Table 1: Grass grub populations
MXU NU Resident Isd (0.05%)
under Maru, Nui and resident wards at Taupe (grubs/m’)
166 217 253
63 50 96
62 91 102
172 234 175
51 179 77
103 154 141
except autumn. This was the only time that dormancy of Maru was evident, as growth rates were similar to or lower than those in other swards (Table 2). The late summer-autumn droughts of New Zealand hill country have shifted this dormancy tendency into autumn. However, although referred to as dormancy, it must be noted that Maru still grew, though not quite as Well as other species. Once soil moisture was replenished, winter growth rates of Maru swards are 233
Table 2: Seasonal growth rates of Maw. Nui, and resident swards (kg DM/ha/day) under rotational grazing
Maru Nui Resident Isd
MWU Nui Resident Isd
21.6 25.7 24.0
20.8 11.9 10.5
38.2 34.6 40.0
48.9 35.0 36.0
22.5 19.3 17.2
25.8 17.8 16.7
66.0 54.9 61.5
9.5(27.3)* 6.5(20.3) 7.8t23.6)
19.7 21.7 19.1
14.5 12.0 10.0
39.5 46.1 32.9
31.0 34.1 29.4
* Mean of 5 years data for summer growth rates
excellent (Table 2) exceeding those of both Nui and resident swards by up to 100%. This activity of Maru continued through spring and into summer, making these swards equal to or better than others (Table 2). This was most evident at Taupo where summer growth rates of Maru swards had the biggest advantage over Nui and resident swards, and where Maru contributed the most to total yield (Fig. 1). Summer 1986 in Wairarapa was exceedingly dry but Maru still outperformed the other swards even though growth rates were very low. The 5year average summer yields for this site are presented in brackets. The growth of Maru through winter, spring and into summer indicates that this plant is ideal for adding to total yields by utilising the climate and fertility of dry sunny faces. These are generally warmer in winter with a higher nutrient status than corresponding shady faces (Radcliffe et al. 1977).
Persistence Initial seedling counts for both Wairarapa and Southland indicated a good e s t a b l i s h m e n t ( 9 6 9 plants/m2 and 36% occurrence under point analysis respectively). Seedling survival and hence establishment were variable because of either very wet or dry soil conditions. At Wairarapa, where some soils were wet in winter the contribution of Maru to total yield ranged from 8 to 82% in the final year. Observations from all trials indicated that Maru improved over time. The rhizomatous character of Maru enabled it to spread well even after poor seedling survival. In Wairarapa rhizomes had spread up to 2 m after 3 years. Many grass species fail under set-stocking, making them unsuitable for hill country. However, summer set-stocking in Wairapa resulted in a total yield increase of 20% over rotationally grazed swards. This was due to a 90% increase in the contribtion of Maru to the total yield, indicating an improved spread of Maru under set-stocking. Established Maru plants can withstand hard or prolonged grazing. This was shown from the 7- or 30-day grazing periods in the Southland trial. Maru swards continued to spread and improve with time, increasing on slopes up to 15 degrees from 10% in year 1 to 55% by year 5 under both managements.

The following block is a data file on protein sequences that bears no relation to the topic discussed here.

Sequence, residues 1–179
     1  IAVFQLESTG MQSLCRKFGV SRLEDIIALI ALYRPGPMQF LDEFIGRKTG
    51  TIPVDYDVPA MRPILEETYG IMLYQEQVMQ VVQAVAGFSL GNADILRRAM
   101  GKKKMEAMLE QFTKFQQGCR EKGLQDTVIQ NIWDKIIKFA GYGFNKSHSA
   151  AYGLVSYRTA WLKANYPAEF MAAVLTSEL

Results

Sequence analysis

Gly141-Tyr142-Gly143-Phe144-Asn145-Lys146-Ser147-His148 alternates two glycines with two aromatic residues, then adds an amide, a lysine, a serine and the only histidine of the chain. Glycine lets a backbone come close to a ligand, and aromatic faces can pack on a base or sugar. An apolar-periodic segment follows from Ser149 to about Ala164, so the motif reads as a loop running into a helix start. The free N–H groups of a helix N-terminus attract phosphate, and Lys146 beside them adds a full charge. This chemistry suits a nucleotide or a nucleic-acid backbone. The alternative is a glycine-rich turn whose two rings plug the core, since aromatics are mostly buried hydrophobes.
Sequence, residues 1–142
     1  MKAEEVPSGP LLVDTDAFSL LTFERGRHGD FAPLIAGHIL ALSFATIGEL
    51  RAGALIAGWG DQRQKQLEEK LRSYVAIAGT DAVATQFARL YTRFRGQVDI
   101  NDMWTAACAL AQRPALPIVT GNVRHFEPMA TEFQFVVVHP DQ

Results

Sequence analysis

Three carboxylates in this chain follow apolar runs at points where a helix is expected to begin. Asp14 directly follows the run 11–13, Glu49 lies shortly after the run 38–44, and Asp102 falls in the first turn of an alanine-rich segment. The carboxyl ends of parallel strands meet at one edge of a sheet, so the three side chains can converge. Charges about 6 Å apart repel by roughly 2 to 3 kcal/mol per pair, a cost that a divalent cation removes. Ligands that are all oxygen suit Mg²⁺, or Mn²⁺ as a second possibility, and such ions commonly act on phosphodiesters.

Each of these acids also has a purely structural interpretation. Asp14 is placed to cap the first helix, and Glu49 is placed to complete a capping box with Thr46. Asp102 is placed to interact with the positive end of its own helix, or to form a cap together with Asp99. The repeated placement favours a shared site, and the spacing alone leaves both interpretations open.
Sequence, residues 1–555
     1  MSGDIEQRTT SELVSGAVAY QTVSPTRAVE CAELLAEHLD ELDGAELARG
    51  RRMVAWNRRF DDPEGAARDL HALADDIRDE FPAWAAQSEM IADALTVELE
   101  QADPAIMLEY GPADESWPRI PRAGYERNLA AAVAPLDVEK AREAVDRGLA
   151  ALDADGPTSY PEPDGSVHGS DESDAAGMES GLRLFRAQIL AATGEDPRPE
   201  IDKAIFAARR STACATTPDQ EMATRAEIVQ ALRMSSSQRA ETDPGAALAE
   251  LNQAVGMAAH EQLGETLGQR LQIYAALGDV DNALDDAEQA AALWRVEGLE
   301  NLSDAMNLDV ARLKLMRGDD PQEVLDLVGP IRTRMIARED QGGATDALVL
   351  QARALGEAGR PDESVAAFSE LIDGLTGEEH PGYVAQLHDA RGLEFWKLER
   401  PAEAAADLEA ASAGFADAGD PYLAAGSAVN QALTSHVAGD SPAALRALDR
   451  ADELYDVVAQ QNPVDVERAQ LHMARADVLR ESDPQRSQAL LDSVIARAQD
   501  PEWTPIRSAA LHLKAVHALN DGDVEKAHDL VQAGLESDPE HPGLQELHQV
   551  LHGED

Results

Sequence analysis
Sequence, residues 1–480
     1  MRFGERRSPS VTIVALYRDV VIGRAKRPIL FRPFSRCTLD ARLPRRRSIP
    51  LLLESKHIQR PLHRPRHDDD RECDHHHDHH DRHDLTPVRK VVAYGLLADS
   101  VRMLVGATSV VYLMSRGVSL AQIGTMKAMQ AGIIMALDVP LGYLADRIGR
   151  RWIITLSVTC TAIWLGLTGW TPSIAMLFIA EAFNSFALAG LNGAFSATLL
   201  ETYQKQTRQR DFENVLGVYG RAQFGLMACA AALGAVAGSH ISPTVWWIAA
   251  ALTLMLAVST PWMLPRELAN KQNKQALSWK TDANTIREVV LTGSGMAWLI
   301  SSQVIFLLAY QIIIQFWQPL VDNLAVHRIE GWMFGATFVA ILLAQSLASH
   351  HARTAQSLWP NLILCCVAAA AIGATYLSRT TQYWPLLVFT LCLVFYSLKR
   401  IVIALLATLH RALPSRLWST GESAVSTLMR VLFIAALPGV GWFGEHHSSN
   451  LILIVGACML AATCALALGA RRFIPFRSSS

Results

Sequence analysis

Attacks of grass grub occurred at all sites, but at Taupe they were spread evenly throughout the trial and could be accurately measured. Although grass grub numbers at Taupo (Table 1) varied greatly from year to year the trend was for lower populations under Maru swards, similar to the results of French et al. (1983). This
difference was largest in years of severest attack Observations of swards in Southland showed that under severest attack, when grazing uprooted resident species such as dogstail, sweet vernal and Yorkshire fog, Maru continued to grow without apparent attack. Stock acceptance and phalaris staggers Sheep occasionally are initially reluctant to graze Maru, possibly because of its erect nature, rough leaves, or seasonal alkaloid levels, but swards of Maru were always well grazed. Spelling for too long in late spring can lead to a build-up of seedhead but most of this is readily eaten. Phalaris staggers was not observed in any of the trials. Rumball (1980) saw staggers only if sheep grazed solely Maru for several weeks. The presence of other species minimises the danger to stock by diluting the alkaloid intake. However, in Maru-dominant swards, rapid young growth should not be grazed. Empty sheep should be monitored closely and may have to be shifted on and off Maru-dominant swards, and their ration daily increased slowly as they become accustomed to the feed. Responses to fertiliser The use of maintenance dressings of 250 kg/ha superphosphate over 5 years in Southland resulted in Maru, Nui and resident swards all producing 26% more herbage than plots which had received no maintenance fertiliser during that time. At Wairarapa the reduction of superphosphate had no effect on the ranking of the treatments, as Maru swards still remained best. Although the contribution of Maru decreased from 44% to 10% as a result of reducing the fertiliser, the enhancement of total sward production was still evident. Uses of Maw The performance of Maru with resident grasses in Wairarapa and Southland, and when sown with Wana cocksfoot in Taupo, indicates that Maru is an ideal companion grass. Mixtures of Maru with ryegrass or cocksfoot will minimise pest damage, and any risk of phalaris staggers, while enhancing total production. The winter, spring and early-summer growth of Maru adds flexibility and improved production to dry hill country farming. The continued spread and production of Maru under set-stocking favours its use over other grasses in many situations. Good establishment of Maru is best achieved in cultivated seed beds, but oversowing into a moist soil after hard grazing, followed by stock trampling is acceptable. However, Maru is slow to establish, and may take several years to reach its maximum potential. Maru is well placed to utilise extra phosphate, but growth is not suppressed by withholding fertiliser to any greater extent than other pasture grasses. The use of Maru may also provide lambing and fawning shelter by virtue of its erect cool-season growth, which improves lamb and ewe health up to weaning. Acknowledgements The authors extend their thanks to J. Lancashire, J. Hay, M. Hickey. C. Meurk. DRyan. D. Widdup. A Harris, N. Dymock. M. Guy and P. Harris for their scientific involvement with the trials; to Landcorp, Taupe. Mrs J. Laing Rawhiti, and the Managers and Owners of Fairplace Station for making land and stock available, and to all Herbage Laboratory staff for composltion data.